— World War Two Northern Ireland —

WWIINI Archives

Our American GIs Archive

Sergeant Robert Lange of Wilton Junction, Iowa pitching for the Midwest Giants at a game of baseball in Belfast, Northern Ireland in 1942.

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— American GIs —

Robert Lange

Sergeant Robert Lange of Wilton, Iowa holds a unique distinction among the many US servicemen who passed through Northern Ireland between 1942 and 1944.

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— American GIs —

Baseball in Northern Ireland

By 1942, America had joined World War Two and those men based in Northern Ireland brought some home comforts including the national past time of baseball.

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— American GIs —

War Tees Off on the Golf Courses

Northern Ireland has a world-famous relationship with the game of golf and one of today's top superstars reveals he has a passion for World War Two history.

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— American GIs —

Orangefield Park, Belfast, Co. Down

Today, not much remains to suggest that Orangefield Park was once a hive of wartime activity. The US Army was based here and the land also held German POWs.

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— American GIs —

Activating the US Army Rangers

Sunnylands Camp near Carrickfergus, Co. Antrim was the setting for the activation of William O Darby's 1st Battalion US Army Rangers on 19th June 1942.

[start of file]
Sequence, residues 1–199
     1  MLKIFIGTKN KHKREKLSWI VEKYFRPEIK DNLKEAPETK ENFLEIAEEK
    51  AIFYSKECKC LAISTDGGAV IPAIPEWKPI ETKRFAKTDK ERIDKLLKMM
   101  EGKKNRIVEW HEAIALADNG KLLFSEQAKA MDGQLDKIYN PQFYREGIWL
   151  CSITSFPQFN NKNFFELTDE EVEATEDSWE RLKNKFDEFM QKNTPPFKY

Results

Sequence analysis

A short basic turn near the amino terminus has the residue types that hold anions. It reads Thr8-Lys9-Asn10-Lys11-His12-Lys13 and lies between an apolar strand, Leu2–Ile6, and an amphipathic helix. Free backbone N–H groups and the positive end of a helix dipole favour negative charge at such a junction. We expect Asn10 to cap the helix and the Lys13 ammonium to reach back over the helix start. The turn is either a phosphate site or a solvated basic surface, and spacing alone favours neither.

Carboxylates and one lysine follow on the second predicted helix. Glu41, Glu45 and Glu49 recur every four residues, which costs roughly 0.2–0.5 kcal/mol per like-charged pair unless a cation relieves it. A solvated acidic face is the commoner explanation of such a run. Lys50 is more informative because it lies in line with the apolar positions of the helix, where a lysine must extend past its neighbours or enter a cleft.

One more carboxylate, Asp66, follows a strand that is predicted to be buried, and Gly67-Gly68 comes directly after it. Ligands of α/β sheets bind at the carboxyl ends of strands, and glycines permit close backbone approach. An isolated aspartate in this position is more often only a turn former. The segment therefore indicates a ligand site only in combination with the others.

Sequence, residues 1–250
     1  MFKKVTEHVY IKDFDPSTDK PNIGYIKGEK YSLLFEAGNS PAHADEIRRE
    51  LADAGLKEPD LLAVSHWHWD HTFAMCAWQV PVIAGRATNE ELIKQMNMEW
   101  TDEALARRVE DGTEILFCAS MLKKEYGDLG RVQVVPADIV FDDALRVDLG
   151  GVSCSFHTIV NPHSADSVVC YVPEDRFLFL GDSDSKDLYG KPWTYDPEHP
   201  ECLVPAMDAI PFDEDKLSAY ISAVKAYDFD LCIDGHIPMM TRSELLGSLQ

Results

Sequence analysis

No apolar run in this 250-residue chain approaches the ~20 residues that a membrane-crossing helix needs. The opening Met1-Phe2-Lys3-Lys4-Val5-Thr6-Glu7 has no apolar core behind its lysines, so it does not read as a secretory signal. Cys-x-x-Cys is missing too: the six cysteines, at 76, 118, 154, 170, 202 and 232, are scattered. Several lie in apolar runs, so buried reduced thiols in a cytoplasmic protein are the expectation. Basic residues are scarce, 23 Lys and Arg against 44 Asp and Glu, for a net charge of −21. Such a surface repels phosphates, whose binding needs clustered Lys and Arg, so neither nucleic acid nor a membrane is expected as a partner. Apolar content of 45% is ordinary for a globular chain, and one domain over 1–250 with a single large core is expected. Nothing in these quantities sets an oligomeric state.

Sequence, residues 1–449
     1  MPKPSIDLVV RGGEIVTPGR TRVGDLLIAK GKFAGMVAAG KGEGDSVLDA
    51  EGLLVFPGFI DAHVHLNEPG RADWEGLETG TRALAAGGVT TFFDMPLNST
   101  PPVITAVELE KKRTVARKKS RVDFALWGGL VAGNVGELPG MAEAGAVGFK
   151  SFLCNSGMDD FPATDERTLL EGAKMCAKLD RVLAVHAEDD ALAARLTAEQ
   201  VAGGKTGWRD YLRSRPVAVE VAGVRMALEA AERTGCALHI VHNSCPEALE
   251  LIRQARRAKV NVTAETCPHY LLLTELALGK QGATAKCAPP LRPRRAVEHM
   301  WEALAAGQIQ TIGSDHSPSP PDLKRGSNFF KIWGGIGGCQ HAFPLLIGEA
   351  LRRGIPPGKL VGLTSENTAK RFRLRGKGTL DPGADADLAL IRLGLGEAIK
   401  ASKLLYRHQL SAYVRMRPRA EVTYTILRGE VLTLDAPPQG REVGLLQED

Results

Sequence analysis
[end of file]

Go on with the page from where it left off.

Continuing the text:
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— American GIs —

Ormeau Park, Belfast, Co. Antrim

Ormeau Park is the oldest municipal park in Belfast. Opened in 1871, it became a hive of activity when the US military took over between 1942 and 1943.

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— Aerial Warfare —

City Hall, Belfast, Co. Antrim

Belfast City Hall opened in 1906 and has come through much in its history. There are several connections with World War Two, many are still standing today.

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— Aerial Warfare —

William Joseph Devenney

US Army Sergeant William Joseph Devenney was a radio operator on board a B26 Marauder, which crashed on Chimney Rock Mountain, Co. Down on 10th April 1944.

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— American GIs —

The Eisenhower Pier, Bangor, Co. Down

General Dwight D Eisenhower, President of the USA visited Bangor on the 18th and 19th May 1944 leading up to D-Day. The northern pier now bears his name.

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— American GIs —

US Army segregation in Northern Ireland

During World War Two, over one million black servicemen served in segregated US Army regiments. Many of those men were briefly based in Northern Ireland.

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